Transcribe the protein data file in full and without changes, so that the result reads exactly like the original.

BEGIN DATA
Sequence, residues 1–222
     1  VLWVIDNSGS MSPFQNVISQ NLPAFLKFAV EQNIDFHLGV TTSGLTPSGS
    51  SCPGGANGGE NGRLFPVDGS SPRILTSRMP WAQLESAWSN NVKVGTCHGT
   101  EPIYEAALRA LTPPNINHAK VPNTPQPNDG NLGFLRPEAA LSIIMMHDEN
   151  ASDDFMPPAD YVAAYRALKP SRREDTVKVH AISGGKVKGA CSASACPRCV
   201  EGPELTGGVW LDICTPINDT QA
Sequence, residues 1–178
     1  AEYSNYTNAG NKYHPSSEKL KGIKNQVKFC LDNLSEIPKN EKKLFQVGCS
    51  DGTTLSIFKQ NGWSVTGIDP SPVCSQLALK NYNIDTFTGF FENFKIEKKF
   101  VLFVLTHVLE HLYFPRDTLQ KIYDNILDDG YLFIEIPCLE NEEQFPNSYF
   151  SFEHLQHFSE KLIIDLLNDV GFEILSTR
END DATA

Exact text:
Sequence, residues 1–222
     1  VLWVIDNSGS MSPFQNVISQ NLPAFLKFAV EQNIDFHLGV TTSGLTPSGS
    51  SCPGGANGGE NGRLFPVDGS SPRILTSRMP WAQLESAWSN NVKVGTCHGT
   101  EPIYEAALRA LTPPNINHAK VPNTPQPNDG NLGFLRPEAA LSIIMMHDEN
   151  ASDDFMPPAD YVAAYRALKP SRREDTVKVH AISGGKVKGA CSASACPRCV
   201  EGPELTGGVW LDICTPINDT QA
Sequence, residues 1–178
     1  AEYSNYTNAG NKYHPSSEKL KGIKNQVKFC LDNLSEIPKN EKKLFQVGCS
    51  DGTTLSIFKQ NGWSVTGIDP SPVCSQLALK NYNIDTFTGF FENFKIEKKF
   101  VLFVLTHVLE HLYFPRDTLQ KIYDNILDDG YLFIEIPCLE NEEQFPNSYF
   151  SFEHLQHFSE KLIIDLLNDV GFEILSTR